For the most part, love has always been a secret thing to me. Part of this is my selfish nature; if I love you, that love is mine, and I don’t want anyone to touch it–they don’t have the right even to speak of it. Partly it’s that love is so incredibly important, and I feel that people use the word carelessly to mean the more pedestrian forms of affection, which is an offense. You ought not call a piece of glass a diamond. A darker part of it is that love is a tool that can easily be used against you. This sheltering fear, that love is a means of control, was fostered in me at a very early age, most likely unconsciously, by watching my extended family dynamic. I was observant, and understood things innately without much effort, so even when very young and otherwise stupid, I understood the power and damage of “You love me, so you will do this for me,” and “I know I can do this to you, because you love me and will let me,” as well as, “I will not love you if you are not this,” and “You are not this way, and so do not deserve to be loved.”
I am forever grateful that from my immediate family, I was never in want of love. I grew up watching how destructive love can be when it’s subverted into something manipulative and controlling, but I have never doubted, for example, my parents’ love for me. I struggled and still struggle with the awful effects of a narcissistic and desperate matriarch’s thoughtless cruelty, which sounds melodramatic, but when her actions are still informing my thoughts and actions well after childhood and her own death, I can’t think of it as being theater dressing.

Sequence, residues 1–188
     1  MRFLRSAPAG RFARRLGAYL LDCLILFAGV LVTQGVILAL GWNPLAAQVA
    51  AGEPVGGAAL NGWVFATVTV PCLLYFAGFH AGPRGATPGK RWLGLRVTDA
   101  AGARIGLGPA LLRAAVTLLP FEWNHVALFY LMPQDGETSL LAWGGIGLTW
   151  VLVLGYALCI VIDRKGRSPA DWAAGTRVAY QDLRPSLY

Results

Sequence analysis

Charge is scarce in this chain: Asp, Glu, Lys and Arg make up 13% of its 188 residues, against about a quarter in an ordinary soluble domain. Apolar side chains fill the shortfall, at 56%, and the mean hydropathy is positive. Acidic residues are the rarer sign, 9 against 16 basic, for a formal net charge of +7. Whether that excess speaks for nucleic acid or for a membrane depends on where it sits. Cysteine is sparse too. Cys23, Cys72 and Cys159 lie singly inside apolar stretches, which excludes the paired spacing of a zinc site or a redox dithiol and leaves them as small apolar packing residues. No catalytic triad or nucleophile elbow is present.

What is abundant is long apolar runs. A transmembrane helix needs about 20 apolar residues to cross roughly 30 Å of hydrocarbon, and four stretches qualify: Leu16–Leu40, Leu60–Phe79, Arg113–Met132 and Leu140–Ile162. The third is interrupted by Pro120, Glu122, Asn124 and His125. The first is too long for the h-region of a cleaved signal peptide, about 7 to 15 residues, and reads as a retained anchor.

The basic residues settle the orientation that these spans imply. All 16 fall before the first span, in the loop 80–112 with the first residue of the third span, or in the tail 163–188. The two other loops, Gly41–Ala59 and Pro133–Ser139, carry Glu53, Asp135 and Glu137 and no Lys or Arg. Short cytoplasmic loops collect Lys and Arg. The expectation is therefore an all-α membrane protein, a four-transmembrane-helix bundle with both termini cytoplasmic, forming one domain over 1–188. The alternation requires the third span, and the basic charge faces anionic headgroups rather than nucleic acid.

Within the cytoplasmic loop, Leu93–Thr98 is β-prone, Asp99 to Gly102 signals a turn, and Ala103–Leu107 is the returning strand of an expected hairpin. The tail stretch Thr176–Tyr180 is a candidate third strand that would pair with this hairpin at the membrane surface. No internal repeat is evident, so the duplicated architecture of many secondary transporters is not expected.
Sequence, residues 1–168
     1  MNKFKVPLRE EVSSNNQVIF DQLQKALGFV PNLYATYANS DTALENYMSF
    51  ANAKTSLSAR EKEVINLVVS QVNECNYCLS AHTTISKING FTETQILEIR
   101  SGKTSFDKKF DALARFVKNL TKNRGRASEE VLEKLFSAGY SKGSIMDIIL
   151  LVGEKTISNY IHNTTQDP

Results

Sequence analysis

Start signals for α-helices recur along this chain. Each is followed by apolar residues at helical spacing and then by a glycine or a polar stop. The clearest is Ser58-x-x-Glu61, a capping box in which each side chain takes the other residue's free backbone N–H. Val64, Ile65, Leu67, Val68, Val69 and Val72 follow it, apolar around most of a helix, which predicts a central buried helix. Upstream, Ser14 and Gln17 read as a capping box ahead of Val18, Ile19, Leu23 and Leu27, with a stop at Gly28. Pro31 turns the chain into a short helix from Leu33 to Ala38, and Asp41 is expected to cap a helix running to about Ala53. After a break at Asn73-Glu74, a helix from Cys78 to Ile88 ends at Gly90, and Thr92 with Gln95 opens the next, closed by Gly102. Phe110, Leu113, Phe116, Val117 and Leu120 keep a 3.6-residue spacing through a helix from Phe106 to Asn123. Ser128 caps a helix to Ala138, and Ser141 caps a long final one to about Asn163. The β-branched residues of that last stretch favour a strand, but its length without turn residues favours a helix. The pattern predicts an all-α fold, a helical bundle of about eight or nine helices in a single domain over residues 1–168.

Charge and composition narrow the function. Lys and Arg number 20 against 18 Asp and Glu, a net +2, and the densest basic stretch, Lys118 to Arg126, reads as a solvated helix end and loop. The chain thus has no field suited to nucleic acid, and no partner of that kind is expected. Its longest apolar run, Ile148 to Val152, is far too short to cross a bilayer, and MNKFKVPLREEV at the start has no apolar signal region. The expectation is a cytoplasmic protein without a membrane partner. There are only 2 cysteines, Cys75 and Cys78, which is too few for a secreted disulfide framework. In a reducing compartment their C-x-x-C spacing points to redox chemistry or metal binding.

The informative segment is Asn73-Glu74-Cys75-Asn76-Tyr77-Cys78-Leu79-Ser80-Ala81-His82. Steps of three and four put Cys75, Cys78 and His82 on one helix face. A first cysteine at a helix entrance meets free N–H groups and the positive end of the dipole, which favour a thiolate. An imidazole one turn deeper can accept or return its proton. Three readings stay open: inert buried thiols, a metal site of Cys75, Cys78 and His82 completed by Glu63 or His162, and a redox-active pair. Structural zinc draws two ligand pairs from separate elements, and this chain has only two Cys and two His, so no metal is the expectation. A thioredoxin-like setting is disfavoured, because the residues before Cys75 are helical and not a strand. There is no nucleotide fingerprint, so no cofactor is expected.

So I was steeped in a weird contradiction. I felt very loved, and for the most part have always been secure in loving them back, and at the same time, I learned how to see love as something that cuts and rots. Basically where that’s left me is I don’t feel like I have any emptiness inside which needs love to fill it, and I am alarmed by the idea that anyone should know what or who I love.
I’ve gotten better about this. Today I talked with a friend who said he frequently tells his friends he loves them. I joked that I never say that to my friends. That wasn’t entirely true. I do say it, and I mean it wholly when I say it, but I say it reluctantly. It’s easier with some, but even with Wancy and Ian, both of whom I’ve known the longest of all my friends, it took years for me to say it without immediately wishing I could take it back and hide it away. My friend also said he hugs his friends all the time, and I had to think about it before sort of half-heartedly protesting that I hug my friends too. Do I? Yes, of course. I hug Tom and Ian all the time, even when they are disgusting with stage sweat and their slimy unwashed band shirts. I hug Wancy and Alyssa, I do hug my friends, but oh, it takes some time, doesn’t it?
I’m going out with my friends tonight, to see my other friends do the things that they love to do. And I’m going to hug the bejesus out of them, because I love them terribly, even if I don’t want to say it. I think they probably know.